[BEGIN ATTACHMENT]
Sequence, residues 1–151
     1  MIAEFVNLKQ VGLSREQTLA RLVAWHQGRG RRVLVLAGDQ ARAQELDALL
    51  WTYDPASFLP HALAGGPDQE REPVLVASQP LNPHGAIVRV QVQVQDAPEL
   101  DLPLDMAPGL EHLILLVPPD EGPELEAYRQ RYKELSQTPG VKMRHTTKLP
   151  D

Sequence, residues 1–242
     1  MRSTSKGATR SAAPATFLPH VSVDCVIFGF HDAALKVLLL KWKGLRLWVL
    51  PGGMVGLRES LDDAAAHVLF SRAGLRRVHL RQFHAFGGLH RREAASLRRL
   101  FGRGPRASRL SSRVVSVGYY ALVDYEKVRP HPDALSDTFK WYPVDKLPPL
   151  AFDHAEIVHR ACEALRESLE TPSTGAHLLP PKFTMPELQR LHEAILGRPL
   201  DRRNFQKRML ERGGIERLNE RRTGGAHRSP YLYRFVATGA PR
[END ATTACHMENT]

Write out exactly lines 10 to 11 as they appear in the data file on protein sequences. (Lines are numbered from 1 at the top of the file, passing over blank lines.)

   151  AFDHAEIVHR ACEALRESLE TPSTGAHLLP PKFTMPELQR LHEAILGRPL
   201  DRRNFQKRML ERGGIERLNE RRTGGAHRSP YLYRFVATGA PR